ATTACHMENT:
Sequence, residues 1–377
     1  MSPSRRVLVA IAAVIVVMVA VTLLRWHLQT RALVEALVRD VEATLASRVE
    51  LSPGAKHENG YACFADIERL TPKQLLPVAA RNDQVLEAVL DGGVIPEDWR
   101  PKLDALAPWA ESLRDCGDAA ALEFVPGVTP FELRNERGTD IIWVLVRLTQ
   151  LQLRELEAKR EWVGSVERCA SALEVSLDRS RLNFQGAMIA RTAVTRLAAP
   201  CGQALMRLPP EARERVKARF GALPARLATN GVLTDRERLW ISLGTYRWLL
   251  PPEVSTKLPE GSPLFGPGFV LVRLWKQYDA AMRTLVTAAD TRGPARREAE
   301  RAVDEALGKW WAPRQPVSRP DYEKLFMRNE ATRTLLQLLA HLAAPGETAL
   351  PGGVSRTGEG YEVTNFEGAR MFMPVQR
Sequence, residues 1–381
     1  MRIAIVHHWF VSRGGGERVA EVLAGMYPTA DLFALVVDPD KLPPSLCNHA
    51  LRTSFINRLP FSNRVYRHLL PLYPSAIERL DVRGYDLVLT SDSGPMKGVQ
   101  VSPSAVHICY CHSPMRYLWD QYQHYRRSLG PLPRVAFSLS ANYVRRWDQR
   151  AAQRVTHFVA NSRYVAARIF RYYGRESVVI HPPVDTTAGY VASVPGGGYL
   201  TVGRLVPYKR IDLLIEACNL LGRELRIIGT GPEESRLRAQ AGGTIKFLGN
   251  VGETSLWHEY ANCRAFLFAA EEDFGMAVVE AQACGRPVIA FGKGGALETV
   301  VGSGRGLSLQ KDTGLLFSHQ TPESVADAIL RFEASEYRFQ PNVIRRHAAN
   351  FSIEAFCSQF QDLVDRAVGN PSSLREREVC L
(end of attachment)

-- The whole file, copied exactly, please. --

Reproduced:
Sequence, residues 1–377
     1  MSPSRRVLVA IAAVIVVMVA VTLLRWHLQT RALVEALVRD VEATLASRVE
    51  LSPGAKHENG YACFADIERL TPKQLLPVAA RNDQVLEAVL DGGVIPEDWR
   101  PKLDALAPWA ESLRDCGDAA ALEFVPGVTP FELRNERGTD IIWVLVRLTQ
   151  LQLRELEAKR EWVGSVERCA SALEVSLDRS RLNFQGAMIA RTAVTRLAAP
   201  CGQALMRLPP EARERVKARF GALPARLATN GVLTDRERLW ISLGTYRWLL
   251  PPEVSTKLPE GSPLFGPGFV LVRLWKQYDA AMRTLVTAAD TRGPARREAE
   301  RAVDEALGKW WAPRQPVSRP DYEKLFMRNE ATRTLLQLLA HLAAPGETAL
   351  PGGVSRTGEG YEVTNFEGAR MFMPVQR
Sequence, residues 1–381
     1  MRIAIVHHWF VSRGGGERVA EVLAGMYPTA DLFALVVDPD KLPPSLCNHA
    51  LRTSFINRLP FSNRVYRHLL PLYPSAIERL DVRGYDLVLT SDSGPMKGVQ
   101  VSPSAVHICY CHSPMRYLWD QYQHYRRSLG PLPRVAFSLS ANYVRRWDQR
   151  AAQRVTHFVA NSRYVAARIF RYYGRESVVI HPPVDTTAGY VASVPGGGYL
   201  TVGRLVPYKR IDLLIEACNL LGRELRIIGT GPEESRLRAQ AGGTIKFLGN
   251  VGETSLWHEY ANCRAFLFAA EEDFGMAVVE AQACGRPVIA FGKGGALETV
   301  VGSGRGLSLQ KDTGLLFSHQ TPESVADAIL RFEASEYRFQ PNVIRRHAAN
   351  FSIEAFCSQF QDLVDRAVGN PSSLREREVC L